The Co-operative Group has posted a 1.2% fall in half-year like-for-like sales.
Food sales were down 2.2% overall in the 26 weeks to 30 June and operating profits for the division fell from £142m to £119m.
However, there were signs of improvement amid what outgoing chief executive Peter Marks described as the worst trading conditions in 40 years.
Like-for-like sales in the society’s core convenience chain were up 1.4% during the period and by more than 12% in trial stores where the society has tailored ranges to the local demographics.
During the period, it also increased trading hours by 15,000 a week.
In its banking business, revenue rose 3.9% to £1bn, but taking into account year-on-year impact of PPI provisions, fell by 1.1%. Underlying operating profits crashed by 67.9% to £36.9m.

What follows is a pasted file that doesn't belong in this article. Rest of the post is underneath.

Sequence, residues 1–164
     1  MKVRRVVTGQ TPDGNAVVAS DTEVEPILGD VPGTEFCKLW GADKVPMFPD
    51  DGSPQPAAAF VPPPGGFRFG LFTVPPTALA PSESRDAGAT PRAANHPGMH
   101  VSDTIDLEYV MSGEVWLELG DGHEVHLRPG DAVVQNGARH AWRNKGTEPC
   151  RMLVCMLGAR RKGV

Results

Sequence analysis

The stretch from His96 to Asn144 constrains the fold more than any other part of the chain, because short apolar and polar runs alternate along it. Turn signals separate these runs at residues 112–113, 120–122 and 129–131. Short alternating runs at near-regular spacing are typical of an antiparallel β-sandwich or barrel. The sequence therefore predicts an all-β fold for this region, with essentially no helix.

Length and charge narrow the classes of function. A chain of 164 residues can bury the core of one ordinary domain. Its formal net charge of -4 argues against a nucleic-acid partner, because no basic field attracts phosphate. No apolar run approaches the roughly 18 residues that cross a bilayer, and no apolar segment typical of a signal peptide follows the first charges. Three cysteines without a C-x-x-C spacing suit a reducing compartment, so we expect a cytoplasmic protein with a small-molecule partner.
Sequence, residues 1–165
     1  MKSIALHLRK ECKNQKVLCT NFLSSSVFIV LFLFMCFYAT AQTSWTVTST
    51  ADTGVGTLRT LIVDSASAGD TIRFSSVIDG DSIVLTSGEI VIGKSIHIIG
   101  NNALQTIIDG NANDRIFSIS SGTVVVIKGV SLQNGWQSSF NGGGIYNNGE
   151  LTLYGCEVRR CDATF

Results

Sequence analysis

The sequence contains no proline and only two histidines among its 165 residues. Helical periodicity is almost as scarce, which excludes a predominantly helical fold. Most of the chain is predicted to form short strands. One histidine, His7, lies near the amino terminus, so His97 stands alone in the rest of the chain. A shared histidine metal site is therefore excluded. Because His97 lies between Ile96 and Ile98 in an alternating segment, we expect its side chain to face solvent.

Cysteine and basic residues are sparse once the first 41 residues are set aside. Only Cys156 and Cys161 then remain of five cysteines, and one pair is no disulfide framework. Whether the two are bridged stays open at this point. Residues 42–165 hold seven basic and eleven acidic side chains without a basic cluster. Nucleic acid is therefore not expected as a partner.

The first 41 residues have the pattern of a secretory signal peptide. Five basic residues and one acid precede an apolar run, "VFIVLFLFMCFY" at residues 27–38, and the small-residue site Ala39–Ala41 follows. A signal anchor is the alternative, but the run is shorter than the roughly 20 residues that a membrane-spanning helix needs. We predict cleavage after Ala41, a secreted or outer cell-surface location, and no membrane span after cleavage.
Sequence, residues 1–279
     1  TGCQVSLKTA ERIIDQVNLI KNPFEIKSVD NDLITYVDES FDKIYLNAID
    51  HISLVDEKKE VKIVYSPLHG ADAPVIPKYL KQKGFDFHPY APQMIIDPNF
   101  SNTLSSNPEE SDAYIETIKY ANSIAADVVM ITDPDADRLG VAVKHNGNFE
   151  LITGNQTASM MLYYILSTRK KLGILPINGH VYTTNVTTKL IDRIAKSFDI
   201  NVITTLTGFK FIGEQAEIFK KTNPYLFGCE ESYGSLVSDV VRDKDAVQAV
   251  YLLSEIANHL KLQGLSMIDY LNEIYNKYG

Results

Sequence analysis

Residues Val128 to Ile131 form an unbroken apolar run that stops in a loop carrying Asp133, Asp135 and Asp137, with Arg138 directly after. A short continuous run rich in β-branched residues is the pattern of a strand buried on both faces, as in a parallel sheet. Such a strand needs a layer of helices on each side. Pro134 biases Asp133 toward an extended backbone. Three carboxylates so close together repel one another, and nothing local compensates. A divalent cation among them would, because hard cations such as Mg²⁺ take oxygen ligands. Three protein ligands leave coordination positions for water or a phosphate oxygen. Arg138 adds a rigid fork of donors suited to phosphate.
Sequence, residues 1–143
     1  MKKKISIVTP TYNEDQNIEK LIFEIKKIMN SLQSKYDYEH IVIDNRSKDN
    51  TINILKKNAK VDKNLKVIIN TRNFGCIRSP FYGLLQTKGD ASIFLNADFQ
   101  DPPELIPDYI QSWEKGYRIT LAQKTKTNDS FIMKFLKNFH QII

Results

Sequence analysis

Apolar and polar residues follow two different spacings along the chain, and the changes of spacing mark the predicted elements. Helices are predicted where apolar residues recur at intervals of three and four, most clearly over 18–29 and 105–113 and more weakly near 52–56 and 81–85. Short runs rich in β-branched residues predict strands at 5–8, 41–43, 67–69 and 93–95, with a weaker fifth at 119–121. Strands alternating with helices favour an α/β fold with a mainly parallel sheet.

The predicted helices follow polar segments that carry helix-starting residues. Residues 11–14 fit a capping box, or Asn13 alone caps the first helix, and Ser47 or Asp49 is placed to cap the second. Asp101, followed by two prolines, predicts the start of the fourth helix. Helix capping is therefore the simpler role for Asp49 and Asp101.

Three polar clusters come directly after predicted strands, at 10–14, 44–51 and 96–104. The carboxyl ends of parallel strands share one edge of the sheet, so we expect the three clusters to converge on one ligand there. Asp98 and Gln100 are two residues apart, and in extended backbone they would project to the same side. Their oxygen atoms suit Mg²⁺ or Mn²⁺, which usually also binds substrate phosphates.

Sales across The Co-op’s broad portfolio of businesses rose from £6.546bn to £6.559bn during the period, but underlying operating profits slumped from £264m to £174m.
“This has been an important first half for The Co-op Group, marking as it did the progress we made that led to agreement with Lloyds Banking Group on our planned acquisition of the Project Verde assets [comprising more than 600 high street branches],” said Marks.
“It is in times like these when our ownership model as a mutual really comes into its own. We have been able to continue to invest for the long term development of all our businesses and to protect our customers even though we, like all businesses, have felt the impact of the tough headwinds of the unrelenting consumer downturn.”
He added: “The environment is tough and we see no let-up in that. But we believe that the work we have done over the past five years to scale up in our core businesses means we are better placed than ever before to thrive when the economic upturn does come.”